The disadvantage to prior art columns is that they are not adapted to accommodate the forces acting on the column. Consequently they tend to sag when extended out horizontally to the floor and they are difficult to adjust into new positions.

When an articulable column is held or positioned horizontally to the floor, a large bending moment exists at the base joint of the column from which the full weight of the column and its tool is cantilevered. At the free end, column joints see only a small bending moment due to the free end weight multiplied by a short moment arm. Prior art columns (e.g. U.S. Pat. Nos. 599,543, 936,379, 2,510,198, 3,096,962, 3,168,274, and 3,584,822) built with a stack of identical ball and socket members are not adapted to these varying forces. Because each joint is identical, the stiffness of each joint is the same and therefore under load these columns tend to sag at the base joint where the force is greatest. Adjustment of these columns by gripping the column at the free end is also difficult because, if partially locked, the column remains stiff at the free end while persistently bending at the weakest base joint, or if tension in the column is completely released, the column collapses.

Prior art columns in which the diameter of the ball/socket members is greater at the base than at the free end (e.g. U.S. Pat. Nos. 870,429, 912,308, and 1,279,803) acknowledge the varying forces acting in the column. However, for long columns it is an unwieldy and inelegant method and difficult to manufacture.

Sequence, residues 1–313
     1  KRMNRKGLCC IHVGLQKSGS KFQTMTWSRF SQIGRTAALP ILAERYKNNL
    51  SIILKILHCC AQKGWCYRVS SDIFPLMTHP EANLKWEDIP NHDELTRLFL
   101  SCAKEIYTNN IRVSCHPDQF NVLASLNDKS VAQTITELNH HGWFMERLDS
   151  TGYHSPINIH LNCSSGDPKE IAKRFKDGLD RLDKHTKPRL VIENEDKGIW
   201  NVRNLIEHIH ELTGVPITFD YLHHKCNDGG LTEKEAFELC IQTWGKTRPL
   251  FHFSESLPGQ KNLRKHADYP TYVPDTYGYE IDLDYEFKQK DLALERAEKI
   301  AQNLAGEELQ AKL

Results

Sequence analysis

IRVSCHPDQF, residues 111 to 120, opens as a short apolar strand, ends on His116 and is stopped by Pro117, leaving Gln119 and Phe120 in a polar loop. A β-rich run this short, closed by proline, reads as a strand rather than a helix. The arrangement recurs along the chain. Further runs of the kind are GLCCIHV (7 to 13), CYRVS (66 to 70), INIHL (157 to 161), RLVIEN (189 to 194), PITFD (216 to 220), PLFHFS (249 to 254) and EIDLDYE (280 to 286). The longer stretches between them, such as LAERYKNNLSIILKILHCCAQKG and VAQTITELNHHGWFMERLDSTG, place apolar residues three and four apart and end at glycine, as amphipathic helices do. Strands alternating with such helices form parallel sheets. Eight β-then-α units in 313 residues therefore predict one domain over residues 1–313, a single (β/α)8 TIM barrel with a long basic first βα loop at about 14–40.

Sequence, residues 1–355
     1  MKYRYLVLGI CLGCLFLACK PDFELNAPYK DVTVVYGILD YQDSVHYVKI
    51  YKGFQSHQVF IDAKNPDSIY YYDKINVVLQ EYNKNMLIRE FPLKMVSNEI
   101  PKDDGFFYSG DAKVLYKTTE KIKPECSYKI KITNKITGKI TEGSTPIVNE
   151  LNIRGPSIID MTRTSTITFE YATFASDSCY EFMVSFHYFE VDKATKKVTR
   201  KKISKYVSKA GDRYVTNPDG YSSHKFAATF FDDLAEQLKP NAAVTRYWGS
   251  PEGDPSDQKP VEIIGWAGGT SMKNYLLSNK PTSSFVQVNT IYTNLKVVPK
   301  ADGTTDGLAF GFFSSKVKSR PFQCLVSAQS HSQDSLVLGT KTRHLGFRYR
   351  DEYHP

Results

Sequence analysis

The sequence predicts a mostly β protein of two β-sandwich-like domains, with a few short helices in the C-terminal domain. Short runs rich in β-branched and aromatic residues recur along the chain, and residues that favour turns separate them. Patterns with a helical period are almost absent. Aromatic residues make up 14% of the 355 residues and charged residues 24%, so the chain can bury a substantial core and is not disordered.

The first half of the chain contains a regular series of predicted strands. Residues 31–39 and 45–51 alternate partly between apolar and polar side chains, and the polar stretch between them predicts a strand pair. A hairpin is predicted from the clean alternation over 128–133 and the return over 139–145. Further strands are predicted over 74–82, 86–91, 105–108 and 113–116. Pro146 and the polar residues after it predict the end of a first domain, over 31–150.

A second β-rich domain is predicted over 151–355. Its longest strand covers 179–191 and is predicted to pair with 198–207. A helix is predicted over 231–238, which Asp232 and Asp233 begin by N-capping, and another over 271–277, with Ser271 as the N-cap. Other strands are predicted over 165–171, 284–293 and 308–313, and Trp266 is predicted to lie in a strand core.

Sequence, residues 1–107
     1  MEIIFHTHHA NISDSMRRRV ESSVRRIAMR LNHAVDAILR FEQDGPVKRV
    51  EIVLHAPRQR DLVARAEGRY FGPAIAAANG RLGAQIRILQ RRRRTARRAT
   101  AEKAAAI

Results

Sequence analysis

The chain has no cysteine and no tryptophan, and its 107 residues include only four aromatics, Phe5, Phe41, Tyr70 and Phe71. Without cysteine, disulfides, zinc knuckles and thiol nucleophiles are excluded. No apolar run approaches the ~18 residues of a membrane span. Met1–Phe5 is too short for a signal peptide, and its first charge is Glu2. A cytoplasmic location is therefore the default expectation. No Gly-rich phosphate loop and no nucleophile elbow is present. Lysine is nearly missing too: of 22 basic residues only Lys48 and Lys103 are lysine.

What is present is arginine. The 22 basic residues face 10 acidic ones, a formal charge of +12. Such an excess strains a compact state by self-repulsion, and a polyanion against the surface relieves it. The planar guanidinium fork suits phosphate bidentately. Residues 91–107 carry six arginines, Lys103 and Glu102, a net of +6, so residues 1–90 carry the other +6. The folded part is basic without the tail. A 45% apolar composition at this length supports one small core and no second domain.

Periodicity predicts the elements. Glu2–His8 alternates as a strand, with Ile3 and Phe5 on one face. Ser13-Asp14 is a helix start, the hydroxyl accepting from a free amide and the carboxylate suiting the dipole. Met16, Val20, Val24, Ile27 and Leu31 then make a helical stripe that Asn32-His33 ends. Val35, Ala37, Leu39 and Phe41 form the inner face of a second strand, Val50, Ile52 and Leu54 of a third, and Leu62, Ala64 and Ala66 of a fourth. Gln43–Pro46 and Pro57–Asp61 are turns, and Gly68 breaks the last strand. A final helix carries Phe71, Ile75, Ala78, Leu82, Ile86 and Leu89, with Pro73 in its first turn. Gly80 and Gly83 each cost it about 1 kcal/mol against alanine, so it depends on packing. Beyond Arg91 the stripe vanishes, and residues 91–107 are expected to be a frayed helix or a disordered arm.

U.S. Pat. No. 6,860,668 discloses an articulable column design that varies the angle of the socket surface that interfaces with the socket element, thereby controlling the modulus of the column at that point, for a given amount of tension. The difficulty with this design is that the surfaces of many of the socket joints must be machined to different specifications.

SUMMARY OF THE INVENTION

It is an object of this invention to provide an improved articulable column construction that overcomes the difficulties of column sag and adjustment.

It is also an object of this invention to provide a method and device that controls the shape of the articulable member, thereby providing a tool platform which can be directed down a tortuous passage, and return, without injury to the device or the body in which it is placed.